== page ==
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The term light-year looks like an adjective-noun combination naming a kind of year. Instead it denotes a distance, how far light travels in a year. Can the deceptive name be justified?

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Similarity is a relation, more or less formal, depending on context. We naturally associate similar things, as in rhyming; and especially as having similar uses, for need detects likeness: necessity is the mother of resemblance. Euclidean geometry, which is much concerned with shape, does away with “similarity” in the general sense, narrowing its meaning to mere “sameness of shape.” In certain contexts, as with words and living things, it is “relatedness” that can be reduced to a fairly precise meaning: “relation by descent,” which can (as a rule, in principle) be exactly diagrammed. Without losing the useful breadth of “similarity” in these contexts—admitting, therefore, such categories as appearance, sound, shape, function, behavior—one can try to limit it to refer to properties which can be measured. In the case of living things, the modes of classification by (familial) relatedness and (measurable) similarity have respectively been given the unlovely names of cladistics (referring to branching of a genealogical tree) and phenetics (referring to appearance).

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A reader of Ernest Rutherford’s famous paper “The Scattering of α and β Particles by Matter and the Structure of the Atom,” which reports the discovery of the atomic nucleus, may be perplexed by a couple of expressions at the beginning of §3. An explanation follows.

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Finally, in this last part, the lame Meter.

It was on the 4th of Messidor in the year VII that the standard meter, and with it the standard kilogram, were presented to the legislature. —What, Messidor? VII? Yes, the Republic had been inaugurated on September 22, 1792, and on that day (it was eventually decided) began Year I. Years of the Republic had twelve months of 30 days each, plus some festival days; and the months, each beginning around the 20th of an English month, were Vendémiaire (Vintage-y), Brumaire (Misty), Frimaire (Frosty), Nivôse (Snowy), Pluviôse (Rainy), Ventôse (Windy), Germinal (Bud-y), Floréal (Flowery), Prairial (Meadowy), Messidor (Harvest-giver), Thermidor (Heat-giver), Fructidor (Fruit-giver). These names, bestowed by Fabre d’Églantine, whose head was cut off for his pains, were probably thought more dignified and poetical than those contrived by Sir Gregory Gander for the English calendar:

Snowy, Flowy, Blowy,
Showery, Flowery, Bowery,
Hoppy, Croppy, Droppy,
Breezy, Sneezy, Freezy.

But they were hardly more exact. Besides, Sir Gregory kept his head. —Messidor began on June 20th, so the big day must have been June 23, 1799.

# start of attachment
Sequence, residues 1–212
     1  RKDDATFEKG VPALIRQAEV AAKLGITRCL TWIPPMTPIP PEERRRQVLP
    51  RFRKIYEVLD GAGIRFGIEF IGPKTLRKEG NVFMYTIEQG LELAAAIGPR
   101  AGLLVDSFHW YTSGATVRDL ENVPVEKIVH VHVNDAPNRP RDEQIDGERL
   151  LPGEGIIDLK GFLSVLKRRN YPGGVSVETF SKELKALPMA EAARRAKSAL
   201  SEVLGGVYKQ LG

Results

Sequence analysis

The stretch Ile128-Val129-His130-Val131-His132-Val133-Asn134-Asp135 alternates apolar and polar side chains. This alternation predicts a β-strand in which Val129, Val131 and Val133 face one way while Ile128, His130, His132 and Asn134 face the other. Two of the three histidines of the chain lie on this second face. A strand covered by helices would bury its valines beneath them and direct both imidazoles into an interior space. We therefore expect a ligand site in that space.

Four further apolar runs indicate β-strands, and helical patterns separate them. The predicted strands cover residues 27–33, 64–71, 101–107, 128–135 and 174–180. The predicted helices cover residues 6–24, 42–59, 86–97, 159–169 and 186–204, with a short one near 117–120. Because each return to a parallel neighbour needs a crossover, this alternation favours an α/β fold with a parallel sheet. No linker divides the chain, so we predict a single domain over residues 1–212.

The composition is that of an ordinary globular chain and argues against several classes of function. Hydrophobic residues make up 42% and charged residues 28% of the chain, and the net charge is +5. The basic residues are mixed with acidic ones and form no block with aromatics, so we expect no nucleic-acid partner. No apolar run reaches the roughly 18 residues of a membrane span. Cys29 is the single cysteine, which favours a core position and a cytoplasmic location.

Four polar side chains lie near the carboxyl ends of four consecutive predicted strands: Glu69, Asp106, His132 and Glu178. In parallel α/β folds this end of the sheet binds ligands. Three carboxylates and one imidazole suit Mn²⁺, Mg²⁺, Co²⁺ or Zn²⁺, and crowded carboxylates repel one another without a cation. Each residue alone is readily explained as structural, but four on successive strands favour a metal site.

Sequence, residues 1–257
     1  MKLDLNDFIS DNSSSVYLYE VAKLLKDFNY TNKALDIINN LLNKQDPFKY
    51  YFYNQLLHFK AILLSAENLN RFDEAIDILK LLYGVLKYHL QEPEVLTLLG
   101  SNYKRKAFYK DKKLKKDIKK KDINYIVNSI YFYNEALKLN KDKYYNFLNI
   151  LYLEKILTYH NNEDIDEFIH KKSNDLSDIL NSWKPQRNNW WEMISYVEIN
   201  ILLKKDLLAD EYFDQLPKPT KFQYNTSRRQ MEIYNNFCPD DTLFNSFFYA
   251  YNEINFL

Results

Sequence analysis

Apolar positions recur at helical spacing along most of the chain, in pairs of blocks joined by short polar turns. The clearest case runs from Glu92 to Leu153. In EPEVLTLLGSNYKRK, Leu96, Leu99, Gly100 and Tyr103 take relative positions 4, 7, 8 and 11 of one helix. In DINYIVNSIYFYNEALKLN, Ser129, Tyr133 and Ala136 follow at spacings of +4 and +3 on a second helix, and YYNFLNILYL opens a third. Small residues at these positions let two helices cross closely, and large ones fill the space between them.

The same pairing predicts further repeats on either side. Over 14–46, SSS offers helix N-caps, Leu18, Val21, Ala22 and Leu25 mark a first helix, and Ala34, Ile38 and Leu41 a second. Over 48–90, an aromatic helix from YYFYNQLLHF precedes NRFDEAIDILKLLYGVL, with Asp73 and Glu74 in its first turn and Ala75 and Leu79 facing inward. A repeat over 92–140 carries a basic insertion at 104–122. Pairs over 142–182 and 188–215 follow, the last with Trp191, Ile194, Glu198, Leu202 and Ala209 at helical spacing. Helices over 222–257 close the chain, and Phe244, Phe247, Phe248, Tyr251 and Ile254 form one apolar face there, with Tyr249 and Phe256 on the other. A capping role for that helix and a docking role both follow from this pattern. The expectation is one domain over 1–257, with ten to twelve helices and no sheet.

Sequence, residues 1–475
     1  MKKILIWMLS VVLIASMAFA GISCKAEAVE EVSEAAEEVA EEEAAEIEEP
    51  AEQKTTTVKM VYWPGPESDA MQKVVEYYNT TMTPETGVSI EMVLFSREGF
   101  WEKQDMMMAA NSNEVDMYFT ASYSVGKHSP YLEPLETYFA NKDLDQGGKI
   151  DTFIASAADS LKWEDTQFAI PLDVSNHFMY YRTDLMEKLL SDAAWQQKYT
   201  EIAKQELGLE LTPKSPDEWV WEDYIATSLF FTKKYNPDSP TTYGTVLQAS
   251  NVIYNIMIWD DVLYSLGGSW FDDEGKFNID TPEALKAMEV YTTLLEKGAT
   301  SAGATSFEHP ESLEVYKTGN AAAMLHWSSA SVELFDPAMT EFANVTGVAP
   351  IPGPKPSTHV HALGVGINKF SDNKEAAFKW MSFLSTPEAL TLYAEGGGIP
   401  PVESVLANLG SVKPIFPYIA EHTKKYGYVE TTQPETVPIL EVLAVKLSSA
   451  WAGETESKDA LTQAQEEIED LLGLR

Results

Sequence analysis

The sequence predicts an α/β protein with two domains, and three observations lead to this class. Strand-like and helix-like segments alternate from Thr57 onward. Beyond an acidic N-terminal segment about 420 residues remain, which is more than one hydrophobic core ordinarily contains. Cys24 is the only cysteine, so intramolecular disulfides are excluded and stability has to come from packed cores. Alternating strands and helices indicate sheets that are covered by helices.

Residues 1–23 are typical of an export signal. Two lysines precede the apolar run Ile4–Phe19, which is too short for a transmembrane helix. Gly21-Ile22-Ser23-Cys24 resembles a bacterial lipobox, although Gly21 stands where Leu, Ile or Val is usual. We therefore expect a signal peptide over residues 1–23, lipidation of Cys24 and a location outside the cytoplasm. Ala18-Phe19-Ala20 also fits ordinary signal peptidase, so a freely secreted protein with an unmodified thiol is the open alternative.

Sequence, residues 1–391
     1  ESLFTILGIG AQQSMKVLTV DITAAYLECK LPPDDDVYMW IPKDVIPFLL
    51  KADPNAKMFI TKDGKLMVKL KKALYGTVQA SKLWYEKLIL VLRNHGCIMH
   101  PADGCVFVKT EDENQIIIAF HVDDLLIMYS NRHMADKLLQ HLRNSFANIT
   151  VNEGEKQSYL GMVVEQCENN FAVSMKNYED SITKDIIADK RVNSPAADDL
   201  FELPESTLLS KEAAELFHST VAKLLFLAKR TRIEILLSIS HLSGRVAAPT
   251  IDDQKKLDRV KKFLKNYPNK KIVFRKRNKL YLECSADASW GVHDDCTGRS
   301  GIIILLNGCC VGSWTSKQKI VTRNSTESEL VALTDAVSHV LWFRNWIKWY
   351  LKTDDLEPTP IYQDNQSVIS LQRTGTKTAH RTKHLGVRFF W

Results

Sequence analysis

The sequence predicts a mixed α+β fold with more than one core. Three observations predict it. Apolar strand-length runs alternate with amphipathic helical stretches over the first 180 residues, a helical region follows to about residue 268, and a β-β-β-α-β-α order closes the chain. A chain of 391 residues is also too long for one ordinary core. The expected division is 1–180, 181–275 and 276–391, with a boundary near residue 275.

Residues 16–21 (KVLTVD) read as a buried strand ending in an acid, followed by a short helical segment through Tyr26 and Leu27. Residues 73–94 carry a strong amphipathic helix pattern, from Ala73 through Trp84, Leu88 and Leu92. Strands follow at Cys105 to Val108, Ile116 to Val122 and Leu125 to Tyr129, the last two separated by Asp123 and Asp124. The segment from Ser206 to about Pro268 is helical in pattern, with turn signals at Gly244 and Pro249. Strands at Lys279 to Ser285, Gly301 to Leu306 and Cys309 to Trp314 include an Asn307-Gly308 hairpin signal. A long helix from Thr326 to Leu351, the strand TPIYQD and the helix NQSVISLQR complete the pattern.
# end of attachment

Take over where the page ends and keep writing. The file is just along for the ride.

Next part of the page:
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It is by no means only the introduction of arbitrary subdivisions (mere arithmetical adjustment) that removes the “natural” unit of length from nature. No, the Earth itself refuses to sanction the aspirations of the founders of the metric system.

Since the 17th century it has been known that the length of a pendulum beating seconds varies with its location on the Earth; specifically, with the latitude. This is because the constant of proportionality between time and the square root of length depends on the acceleration of gravity g—the rate at which the speed of a freely falling body increases—and g varies with latitude. Hence if the pendulum is to deliver a unit of length, the arbitrary choice of the second of time must be supplemented by something still less justifiable: the selection of a place on the Earth to put the pendulum.

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In this part, “wretched matter” begins to assert itself.

If we want to measure length, we need a unit of length. Given such a unit, not only lengths, but areas and volumes as well, can be expressed in terms of it: foot, square foot, cubic foot. The founders of the new system desired a natural unit, one that would not depend upon an arbitrary choice, and that would be perpetually available in the natural world, so that it could readily be consulted in case of doubt. Neither criterion would be satisfied by (for example) the length of the king’s foot.

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Milton explained that rhyme was “the Invention of a barbarous Age, to set off wretched matter and lame Meter,” so of course he didn’t need it. No more do I need his explanation, only his phrase, to introduce a delightful book, Les Origines du Système Métrique (The Origins of the Metric System), by Adrien Favre, Professeur au Lycée du Toulouse—which means a high-school teacher in a provincial city, then of a couple of hundred thousand people, far from Paris—published in 1931.

“Before the establishment of our Metric System,” he begins, “there reigned in France, among the units of measure, an incredible confusion.” Naming twenty-two of them, he invites us to think of Rabelais’s lists, and then reveals that the twenty-two were merely the subdivisions of the agrarian measures in one area of the country, Haute-Garonne—a place where, while the measures themselves had only five different names, these designated forty-three different actual measures.

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